Climate Change and the World’s Coral Reefs
It is estimated that 70 per cent of the Earth’s surface area is made up of oceans that, in-turn, provide habitat for 75 per cent of all known species on earth. The ocean also plays an important role in regulating global temperature and serves as the primary producer of the world’s oxygen. Coral reefs, which comprise only about 0.5 per cent of the ocean floor, are the “rainforest of the sea” providing food to all levels of the food chain.
(Transcript of Lawrence Gunther’s bi-weekly 12-minute segment on Live from Studio 5 broadcast over AMI TV and Audio across Canada)
Q. Welcome back Lawrence, what does Trump’s withdrawal from the Paris Accord mean to the rest of the world?
A. The U.S. is the second largest emitter of CO2; acknowledged as the leading contributor to climate change. Ocean currents will be altered, sea levels will rise, and more frequent and severe storms will impact coastal communities. The ocean is already about 30% more acidic now than it was in the past 250 years, due largely to having absorbed about 1/3 of the CO2 produced by humans over this same period.
A. Further, as climate change continues to increase ocean temperatures, the migration of certain marine organisms will migrate northward, while those less temperature tolerant species die off. Ocean acidification caused by increased CO2 levels that lower the pH of seawater will reduce the abundance of phytoplankton, the bedrock of the food chain, and will decrease calcification in certain marine animals like corals and shellfish, causing their skeletons to become weaker and their growth impaired.
Q. Is this the Whitehouse denying climate change, or is this another example of balancing economic interests with environmental destruction?
A. Not sure, but according to the U.S. National Atmospheric and Oceanic Administration, a key agency of the U.S. government, scientific evidence now clearly indicates that the Earth’s atmosphere and ocean are warming primarily due to greenhouse gases derived from human activities, and that Climate change is the greatest global threat to coral reef ecosystems. The International Society for Reef Studies predicts that 90 percent of coral reefs worldwide will be at risk of destruction by 2050.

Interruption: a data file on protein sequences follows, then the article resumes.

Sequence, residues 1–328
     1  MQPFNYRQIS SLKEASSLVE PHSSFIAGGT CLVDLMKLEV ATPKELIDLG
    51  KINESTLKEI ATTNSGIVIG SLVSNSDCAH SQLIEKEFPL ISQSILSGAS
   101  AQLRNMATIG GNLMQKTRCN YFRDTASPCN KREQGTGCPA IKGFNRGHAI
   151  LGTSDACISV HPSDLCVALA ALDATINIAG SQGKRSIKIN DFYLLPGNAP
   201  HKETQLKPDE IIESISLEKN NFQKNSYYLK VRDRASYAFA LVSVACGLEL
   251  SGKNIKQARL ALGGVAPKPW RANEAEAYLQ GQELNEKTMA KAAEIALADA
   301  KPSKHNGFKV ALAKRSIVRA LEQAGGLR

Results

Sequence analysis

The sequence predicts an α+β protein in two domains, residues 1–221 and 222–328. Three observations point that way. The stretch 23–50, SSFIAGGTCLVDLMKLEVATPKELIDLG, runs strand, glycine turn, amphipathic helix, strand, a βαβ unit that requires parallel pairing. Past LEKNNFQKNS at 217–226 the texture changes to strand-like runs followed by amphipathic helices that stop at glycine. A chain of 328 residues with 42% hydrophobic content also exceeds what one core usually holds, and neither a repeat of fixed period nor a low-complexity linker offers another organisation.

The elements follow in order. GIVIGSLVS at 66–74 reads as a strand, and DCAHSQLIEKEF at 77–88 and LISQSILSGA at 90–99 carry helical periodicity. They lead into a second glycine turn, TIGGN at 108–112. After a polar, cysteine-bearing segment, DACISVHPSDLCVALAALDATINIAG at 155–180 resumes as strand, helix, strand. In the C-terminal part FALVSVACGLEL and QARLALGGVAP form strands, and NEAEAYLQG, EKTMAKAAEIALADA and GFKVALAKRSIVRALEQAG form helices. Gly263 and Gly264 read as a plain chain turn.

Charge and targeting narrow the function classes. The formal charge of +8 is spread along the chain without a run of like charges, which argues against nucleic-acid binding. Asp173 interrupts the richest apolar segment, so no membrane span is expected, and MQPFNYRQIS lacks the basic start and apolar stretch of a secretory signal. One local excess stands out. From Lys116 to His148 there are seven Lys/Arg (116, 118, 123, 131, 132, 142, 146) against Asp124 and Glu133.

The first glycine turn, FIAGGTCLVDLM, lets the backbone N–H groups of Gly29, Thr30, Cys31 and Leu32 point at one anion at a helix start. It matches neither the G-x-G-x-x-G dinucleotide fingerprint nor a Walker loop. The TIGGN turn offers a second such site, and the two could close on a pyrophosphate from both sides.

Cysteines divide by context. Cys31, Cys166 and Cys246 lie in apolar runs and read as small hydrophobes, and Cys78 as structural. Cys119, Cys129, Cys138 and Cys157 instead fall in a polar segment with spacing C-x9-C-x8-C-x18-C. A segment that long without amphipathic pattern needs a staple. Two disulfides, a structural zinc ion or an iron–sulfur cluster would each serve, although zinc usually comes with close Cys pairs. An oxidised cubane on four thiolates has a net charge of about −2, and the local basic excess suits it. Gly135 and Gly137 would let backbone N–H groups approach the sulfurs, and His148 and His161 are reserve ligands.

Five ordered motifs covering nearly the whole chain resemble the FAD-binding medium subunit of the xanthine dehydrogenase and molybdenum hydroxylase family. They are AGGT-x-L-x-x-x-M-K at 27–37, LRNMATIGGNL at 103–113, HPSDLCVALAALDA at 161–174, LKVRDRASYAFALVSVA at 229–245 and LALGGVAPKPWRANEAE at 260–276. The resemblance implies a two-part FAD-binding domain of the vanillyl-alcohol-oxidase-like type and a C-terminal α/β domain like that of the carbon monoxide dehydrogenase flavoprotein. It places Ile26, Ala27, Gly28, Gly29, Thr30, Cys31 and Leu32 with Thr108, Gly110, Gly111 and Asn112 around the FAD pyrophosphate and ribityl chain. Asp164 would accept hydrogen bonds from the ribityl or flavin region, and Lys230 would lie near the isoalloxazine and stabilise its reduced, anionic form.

Q. How is climate change linked to the bleaching of reefs?
A. Bleaching occurs when corals respond to the stress of warmer temperatures by expelling the colorful algae that live within them. Some coral are able to recover, but too often the coral dies, and the entire ecosystem for which it forms the base, virtually disappears. It’s the consumption of these algaes by fish that is responsible for creating the white beaches found along much of the equator. That white beach sand is actually coral that was ground up and pooped out by fish.
Q. What does the destruction of reefs mean to marine life?
A. Reefs serve as the nursery for many ocean fish, or as the foundation for the food chain upon which they depend. There’s not a lot of cover where sea-life can escape their being consumed, which is why so many fish species choose to either dwell in reefs, or use reefs to provide shelter to their offspring.
Q. Are we fighting a losing battle?
A. Quite possibly climate change might have already passed the point of no return. Upwards of 80 per cent of the reefs surrounding Caribbean islands have already died, and miles of the Barrier Reefs surrounding Australia have suffered bleaching. If we continue to produce carbon dioxide at the current rate, the ocean’s pH level will lower to the point that the world’s remaining coral reefs will be lost. The solution to climate change is also the solution to coral reef recovery.